Strong roots mark St. Peter’s 175th

By Peter Finney Jr., Clarion Herald

In oak-friendly Covington, where leaves are good and chainsaws are bad, the horticultural metaphor Archbishop Gregory Aymond used March 4 in describing the 175th anniversary of St. Peter Parish aptly described the growth and the solid roots of the Catholic faith fostered by the first Catholic parish on the northshore.

Established in 1843 by Bishop Antoine Blanc – who seven years later became the first archbishop of New Orleans – St. Peter now is home to 3,000 registered parishioners, 70 active ministries, a 774-student school, a perpetual, eucharistic adoration chapel open to adorers throughout the area and, with an eye to the future, lots of Catholic babies in strollers or in their parents’ arms.

Archbishop Aymond said he often “marvels” at the four oak trees, about 80 years old, that provide ample shade in front of his residence in New Orleans, and he used that image to reflect on the expansion of the Catholic faith from the establishment of St. Peter in 1843.

“Today, we remember not the seeds or the growth of the oak trees, but we remember with much gratitude that God planted the seeds of faith on the northshore 175 years ago,” Archbishop Aymond told the congregation at the Mass of Thanksgiving. “This parish was built on the west bluff of the Bogue Falaya River. The seeds of faith that God planted became deeply rooted and grew, and a sturdy tree was formed.”

Three churches in its history

St. Peter has had three churches in the last 175 years, said Father Otis Young, pastor since 2012. The first was a wooden building on the river, followed in 1892 by a new church and rectory built by Father Joseph Koegerl on the corner of Rutland and Massachusetts streets.

When St. Peter built a new brick church in 1940 under the pastorate of Benedictine Father Aemillian Egler, the previous church was dedicated as Holy Family Parish for African-American Catholics.

 

“The family became divided,” Archbishop Aymond said, who noted that Holy Family Church and School remained open until the 1960s, when Holy Family reunited with St. Peter to form one community.

“St. Peter and Holy Family – what a blessing,” he said. “Today, this church remains a symbol of that unified, one family.”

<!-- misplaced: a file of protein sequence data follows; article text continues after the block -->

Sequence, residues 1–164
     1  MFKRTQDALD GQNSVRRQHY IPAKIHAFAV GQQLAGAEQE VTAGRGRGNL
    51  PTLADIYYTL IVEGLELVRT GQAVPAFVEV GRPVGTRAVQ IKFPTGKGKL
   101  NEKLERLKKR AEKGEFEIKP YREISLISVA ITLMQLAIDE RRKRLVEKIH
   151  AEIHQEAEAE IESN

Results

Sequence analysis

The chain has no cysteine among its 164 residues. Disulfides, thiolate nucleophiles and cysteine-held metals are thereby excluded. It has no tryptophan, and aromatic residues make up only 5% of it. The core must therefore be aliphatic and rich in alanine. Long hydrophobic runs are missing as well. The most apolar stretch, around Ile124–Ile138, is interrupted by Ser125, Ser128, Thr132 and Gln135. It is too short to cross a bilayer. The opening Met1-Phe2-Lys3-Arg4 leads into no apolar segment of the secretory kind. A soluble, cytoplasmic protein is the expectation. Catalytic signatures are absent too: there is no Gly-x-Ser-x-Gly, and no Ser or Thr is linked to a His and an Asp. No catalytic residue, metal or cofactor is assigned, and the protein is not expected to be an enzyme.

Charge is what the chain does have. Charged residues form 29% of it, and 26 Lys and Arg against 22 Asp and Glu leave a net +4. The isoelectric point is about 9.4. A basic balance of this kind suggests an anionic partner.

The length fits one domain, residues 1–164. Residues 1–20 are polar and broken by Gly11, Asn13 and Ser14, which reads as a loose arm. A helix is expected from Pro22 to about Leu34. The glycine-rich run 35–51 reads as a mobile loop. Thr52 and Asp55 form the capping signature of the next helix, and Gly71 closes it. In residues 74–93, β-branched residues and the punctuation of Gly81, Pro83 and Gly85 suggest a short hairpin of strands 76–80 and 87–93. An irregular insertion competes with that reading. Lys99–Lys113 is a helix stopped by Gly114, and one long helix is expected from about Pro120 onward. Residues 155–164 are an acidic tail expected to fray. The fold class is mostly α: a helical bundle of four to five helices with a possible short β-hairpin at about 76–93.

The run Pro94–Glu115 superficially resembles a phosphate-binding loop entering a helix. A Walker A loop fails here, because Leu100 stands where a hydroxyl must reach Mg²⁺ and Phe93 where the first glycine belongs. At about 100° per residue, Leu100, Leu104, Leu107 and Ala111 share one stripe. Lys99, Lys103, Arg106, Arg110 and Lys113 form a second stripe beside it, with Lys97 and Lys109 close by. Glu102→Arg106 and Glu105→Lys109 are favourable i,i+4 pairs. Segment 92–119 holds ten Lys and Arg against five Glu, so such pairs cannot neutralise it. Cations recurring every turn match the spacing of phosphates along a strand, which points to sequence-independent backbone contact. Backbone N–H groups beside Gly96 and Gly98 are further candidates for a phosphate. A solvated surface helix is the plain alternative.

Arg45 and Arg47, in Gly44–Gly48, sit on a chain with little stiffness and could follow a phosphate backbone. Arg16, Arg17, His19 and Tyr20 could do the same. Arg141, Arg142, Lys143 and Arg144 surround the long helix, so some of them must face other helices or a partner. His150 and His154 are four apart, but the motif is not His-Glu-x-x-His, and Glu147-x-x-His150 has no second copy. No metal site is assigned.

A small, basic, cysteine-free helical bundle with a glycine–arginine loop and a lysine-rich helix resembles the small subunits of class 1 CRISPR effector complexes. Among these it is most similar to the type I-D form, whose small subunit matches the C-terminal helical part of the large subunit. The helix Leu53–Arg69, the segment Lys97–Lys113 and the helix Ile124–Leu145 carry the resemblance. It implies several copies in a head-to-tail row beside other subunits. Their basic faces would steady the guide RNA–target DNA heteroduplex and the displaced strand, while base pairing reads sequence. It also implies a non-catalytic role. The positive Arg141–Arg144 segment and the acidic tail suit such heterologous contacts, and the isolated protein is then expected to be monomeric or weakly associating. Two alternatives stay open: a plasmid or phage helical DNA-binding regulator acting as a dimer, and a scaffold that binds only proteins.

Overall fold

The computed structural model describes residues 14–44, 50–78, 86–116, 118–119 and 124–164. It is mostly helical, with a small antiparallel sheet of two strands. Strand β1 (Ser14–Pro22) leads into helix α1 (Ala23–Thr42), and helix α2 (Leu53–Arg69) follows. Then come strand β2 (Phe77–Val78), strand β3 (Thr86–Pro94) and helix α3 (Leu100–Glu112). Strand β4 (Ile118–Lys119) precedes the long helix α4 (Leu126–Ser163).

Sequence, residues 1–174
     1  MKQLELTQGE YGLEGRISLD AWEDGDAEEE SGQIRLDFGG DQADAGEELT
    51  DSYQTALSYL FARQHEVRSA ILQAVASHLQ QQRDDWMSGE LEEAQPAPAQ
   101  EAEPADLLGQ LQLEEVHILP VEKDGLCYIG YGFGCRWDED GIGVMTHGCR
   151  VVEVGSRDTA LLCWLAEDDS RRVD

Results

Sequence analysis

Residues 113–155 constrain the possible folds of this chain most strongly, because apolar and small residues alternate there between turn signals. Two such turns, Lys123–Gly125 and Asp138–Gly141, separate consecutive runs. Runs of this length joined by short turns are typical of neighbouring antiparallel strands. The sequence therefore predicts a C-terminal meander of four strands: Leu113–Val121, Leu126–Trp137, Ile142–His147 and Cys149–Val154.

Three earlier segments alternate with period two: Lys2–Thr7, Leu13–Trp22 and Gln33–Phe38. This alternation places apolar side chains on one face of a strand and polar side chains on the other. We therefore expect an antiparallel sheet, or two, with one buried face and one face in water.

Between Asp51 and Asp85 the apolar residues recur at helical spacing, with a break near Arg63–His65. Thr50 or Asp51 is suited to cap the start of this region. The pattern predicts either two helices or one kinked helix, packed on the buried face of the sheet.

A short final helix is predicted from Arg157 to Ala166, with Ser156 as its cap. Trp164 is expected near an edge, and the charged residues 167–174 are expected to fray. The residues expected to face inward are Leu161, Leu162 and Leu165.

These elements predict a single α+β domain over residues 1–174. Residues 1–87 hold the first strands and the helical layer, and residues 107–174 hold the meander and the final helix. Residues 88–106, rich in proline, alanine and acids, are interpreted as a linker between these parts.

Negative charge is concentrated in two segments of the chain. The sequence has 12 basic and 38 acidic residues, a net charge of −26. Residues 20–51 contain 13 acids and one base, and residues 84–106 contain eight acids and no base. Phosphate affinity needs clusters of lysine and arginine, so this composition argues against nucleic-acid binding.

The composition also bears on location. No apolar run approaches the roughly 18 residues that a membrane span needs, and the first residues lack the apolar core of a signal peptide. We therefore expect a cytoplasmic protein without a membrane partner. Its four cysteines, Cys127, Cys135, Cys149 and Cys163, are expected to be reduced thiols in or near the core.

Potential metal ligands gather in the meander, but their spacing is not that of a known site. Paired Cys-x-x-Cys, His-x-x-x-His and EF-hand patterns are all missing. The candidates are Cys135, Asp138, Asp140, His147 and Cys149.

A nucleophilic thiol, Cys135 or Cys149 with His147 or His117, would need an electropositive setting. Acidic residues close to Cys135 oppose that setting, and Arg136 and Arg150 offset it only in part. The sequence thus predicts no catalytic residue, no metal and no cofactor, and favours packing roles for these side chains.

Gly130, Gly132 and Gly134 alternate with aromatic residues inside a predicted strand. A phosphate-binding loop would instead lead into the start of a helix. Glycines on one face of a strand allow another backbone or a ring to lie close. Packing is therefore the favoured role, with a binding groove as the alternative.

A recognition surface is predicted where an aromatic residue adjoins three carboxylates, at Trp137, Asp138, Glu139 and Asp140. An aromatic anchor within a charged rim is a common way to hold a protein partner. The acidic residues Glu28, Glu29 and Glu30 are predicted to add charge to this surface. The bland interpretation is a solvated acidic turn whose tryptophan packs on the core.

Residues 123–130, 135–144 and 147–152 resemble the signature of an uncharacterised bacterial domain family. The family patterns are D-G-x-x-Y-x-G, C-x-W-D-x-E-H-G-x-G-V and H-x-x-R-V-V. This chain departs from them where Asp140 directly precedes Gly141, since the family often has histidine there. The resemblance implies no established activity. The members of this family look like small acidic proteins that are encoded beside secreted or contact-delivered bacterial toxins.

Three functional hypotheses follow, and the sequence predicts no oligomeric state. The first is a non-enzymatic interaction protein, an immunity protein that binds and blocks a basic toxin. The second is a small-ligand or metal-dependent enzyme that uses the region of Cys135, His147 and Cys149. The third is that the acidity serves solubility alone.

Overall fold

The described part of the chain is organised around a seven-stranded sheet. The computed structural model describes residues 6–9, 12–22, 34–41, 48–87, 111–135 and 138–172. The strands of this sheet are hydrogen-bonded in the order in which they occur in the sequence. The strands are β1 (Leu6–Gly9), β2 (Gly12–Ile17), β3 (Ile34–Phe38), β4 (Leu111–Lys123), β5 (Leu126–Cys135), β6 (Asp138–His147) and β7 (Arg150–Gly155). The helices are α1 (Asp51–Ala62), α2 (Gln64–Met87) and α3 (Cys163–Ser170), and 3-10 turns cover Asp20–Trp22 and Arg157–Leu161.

To highlight that unity, St. Peter Parish recently installed a statue of the Holy Family in a niche near the front door – opposite a similar statue of St. Peter. Archbishop Aymond blessed both statues after Communion, praying that the statues “remind us always of (God’s) goodness, our journey as a parish and our unity as a parish family. May they inspire us to call upon St. Peter and the Holy Family to intercede for us in our personal families and our parish family … so that we can share the goodness of (God’s) love within us beyond the walls of this church for centuries to come.”

Benedictines for 76 years

Benedictine Abbot Justin Brown and Benedictine Father Michael Jung, pastor of St. Peter from 1987-92, concelebrated the Mass of Thanksgiving. The archbishop thanked Abbot Justin for the Benedictines’ 76-year service at St. Peter from 1916-92. Also attending were Father Bill McGough, 89, pastor of St. Peter from 1992-2009.

Father McGough, who uses a walker, remained in the sanctuary after the Mass, where he greeted a long receiving line of former parishioners.

“The old-timers were very good and built a solid foundation, and we really started growing,” Father McGough said. “Like in any community, when you have people with skills – like the archbishop said, when you plant the seed, it grows. I was very satisfied seeing the growth over the years.”

Father McGough said the laity deserve much of the credit for the parish’s flourishing.

“You don’t just start a ministry and hope it will fly; it won’t,” Father McGough said. “You need people who are interested and who want to get involved and who are gifted. We had people with wonderful gifts who could invigorate others and share that sense of purpose and commitment with those around them.

“When you have good people, you need good leadership. Nothing’s going to happen, in Washington or here, unless you’ve got leadership. People here are not working for themselves but for the community. They are very generous, and they set the pace.”

Seedbed of vocations

Father Young said he especially gives thanks to the Blessed Mother for her “mantle of protection” over the parish. He mentioned in recent years, the parish has been the home of many vocations to the priesthood and religious life: Father Beau Charbonnet (ordained in 2003), Father Daniel Brouillette (2009), Father Garrett O’Brien (2012) and Father Colin Braud (2013); the late Deacon Rusty Read, Deacon Dennis Adams and Deacon Jay Frantz; and Family of Jesus Sister Agnes Maria Burvant, who serves as a missionary in Peru.

Six other members of the parish are in religious formation: Transitional Deacon David Frank, seminarians Andrew Rudmann and Daniel Doescher; Don Roberts, a candidate for the permanent diaconate; and Sister Marie Elizabeth Jerry, the Sisters of the Holy Family, and Sister Emmanuel, a Discalced Carmelite.

“I can assure you there are several men and women (in St. Peter Parish) who are being called to priesthood and religious life, and you can identify them,” Archbishop Aymond told the congregation.

“For the past, we give profound thanks to God,” the archbishop said. “For the future, we trust in God’s care, that as he led you, he will continue to do so.”

Peter Finney Jr. can be reached at pfinney@clarionherald.org.

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